My father loves working in the kitchen. He always enjoyed dabbling when the opportunity presented itself, but, when my mother started working full-time as a director of children’s ministry in the church where I grew up, Dad started cooking more frequently. At one point, he became the primary chef for the family, and it was my mother’s turn to dabble when the opportunity presented itself.
Whenever they come to visit, my dad likes to cook a meal. He’s a good cook and knows his way around the kitchen. Like me, he’s not very good at keeping things clean, but he can use every pot and pan and utensil available to whip up something pretty decent. One day, he was chopping vegetables with our chef’s knife and remarked how sharp the knife was. It seemed like a nice, polite thing to say to the person whose knives one is using. I thanked him and went on with my evening. I happened to be passing back through the kitchen when he was scraping those vegetables off the cutting board and into a pan, an action he was roughly completing by dragging the blade of my chef’s knife across the surface of the board. “You know,” I said, “that knife won’t be very sharp for long if you keep doing that.”
I said it too sharply (no pun intended). Instincts had taken over. I had reprimanded my father for the way he was treating my knife while he was preparing a meal for my family. He looked at me a somewhat taken aback and apologized. Now, whenever he is in town and is in the kitchen, he goes out of his way to mention again and again how sharp our knives are. They aren’t really that sharp, but I hear what he’s saying.
“The word of God is living and active,” the author of the letter to the Hebrews writes, “sharper than any two-edge sword, piercing to the division of soul and spirit, of joints and marrow, and discerning the thoughts and intentions of the heart.” That’s part of the Epistle Lesson for the commemoration of John Wyclif (Hebrews 4:12-16). And, when I read that passage that personifies the “Word of God” and captures that beautiful double-meaning of our faith—that the second person of the Trinity is the same “Word of God” that was spoken into the scriptures and that came incarnate from heaven as Jesus Christ—I ask myself whether God’s word is as sharp today as it once was.
Like a knife or a sword or a scalpel or any other implement, the power and sharpness of the Word of God depends on who is using it and how it’s being used and whether it’s being properly handled. Is it being roughly dragged across a cutting board—has it become a spoon or scraper simply because of the intention of the person who’s holding it? Is it being used to bash someone’s head in—more a blunt club that is wielded in clumsy battle than the delicate instrument it was designed to be? Has it been intentionally dulled so as to be used in a children’s cooking class—left to wear out so no one will cut himself?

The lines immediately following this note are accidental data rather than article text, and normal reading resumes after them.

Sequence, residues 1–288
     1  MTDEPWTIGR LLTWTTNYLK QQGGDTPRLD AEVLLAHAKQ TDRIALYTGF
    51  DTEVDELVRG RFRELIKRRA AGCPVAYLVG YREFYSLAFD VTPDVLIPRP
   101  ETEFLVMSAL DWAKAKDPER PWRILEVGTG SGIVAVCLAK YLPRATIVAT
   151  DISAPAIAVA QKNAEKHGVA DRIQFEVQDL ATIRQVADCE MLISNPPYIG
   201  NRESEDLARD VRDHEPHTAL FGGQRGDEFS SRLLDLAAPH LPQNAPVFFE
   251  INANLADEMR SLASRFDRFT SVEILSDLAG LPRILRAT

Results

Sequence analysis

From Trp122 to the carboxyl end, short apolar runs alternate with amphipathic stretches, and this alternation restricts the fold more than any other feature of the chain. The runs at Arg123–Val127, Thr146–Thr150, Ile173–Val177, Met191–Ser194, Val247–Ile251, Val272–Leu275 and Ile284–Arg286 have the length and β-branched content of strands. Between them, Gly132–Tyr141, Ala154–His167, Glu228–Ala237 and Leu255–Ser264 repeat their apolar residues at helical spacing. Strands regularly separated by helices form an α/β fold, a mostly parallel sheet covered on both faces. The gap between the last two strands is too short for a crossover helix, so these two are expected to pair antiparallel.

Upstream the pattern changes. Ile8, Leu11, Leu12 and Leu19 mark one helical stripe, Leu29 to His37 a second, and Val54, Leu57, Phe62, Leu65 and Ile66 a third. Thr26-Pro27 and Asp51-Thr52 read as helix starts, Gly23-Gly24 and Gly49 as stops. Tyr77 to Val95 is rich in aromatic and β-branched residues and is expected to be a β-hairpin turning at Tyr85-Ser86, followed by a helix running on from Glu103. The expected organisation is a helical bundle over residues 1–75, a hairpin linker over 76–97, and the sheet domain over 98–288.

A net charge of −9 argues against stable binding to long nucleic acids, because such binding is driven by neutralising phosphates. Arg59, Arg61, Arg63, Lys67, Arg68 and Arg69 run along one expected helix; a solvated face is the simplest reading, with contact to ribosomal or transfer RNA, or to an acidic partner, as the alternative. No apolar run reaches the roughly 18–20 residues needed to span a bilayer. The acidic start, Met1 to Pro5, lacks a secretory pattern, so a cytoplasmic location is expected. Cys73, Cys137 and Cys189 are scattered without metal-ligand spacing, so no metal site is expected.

John Wyclif lived two-hundred years before Martin Luther pinned his 95 theses on the church house door. He died two-hundred years before Thomas Cranmer wrote the first Book of Common Prayer. Yet Wyclif was committed to some of the same principles that guided the Reformation two centuries after his ministry was over. He argued that in political and financial ways the local church should be governed by its own monarch—in his case the King of England—and not be subject to the pope. He believed that individuals should have a direct and personal relationship with God and not one that needed to be mediated by the church or a priest. He believed that the scriptures should be available to all who could read them, and he translated the Latin bible into English. And it is for this last achievement that he is most often remembered.
What happens when the Word of God is put into the hands of an “ordinary” person? What happens when the institutional church trusts that laypeople have the ability to wield it as powerfully and skillfully as its most celebrated theologians? What happens when a priest looks at his congregation and asks, “What do you think it means?”
The Word of God is in your hands—sometimes literally. That hasn’t always been the case. You don’t have to go to college or seminary to understand it, but you can’t just whip it out once a year and use it to fillet a delicate trout. It takes practice. It takes effort. Read it. Study it. Practice with it. Let it cut you to your core—all the way to joints and marrow. Recognize its power and use it wisely.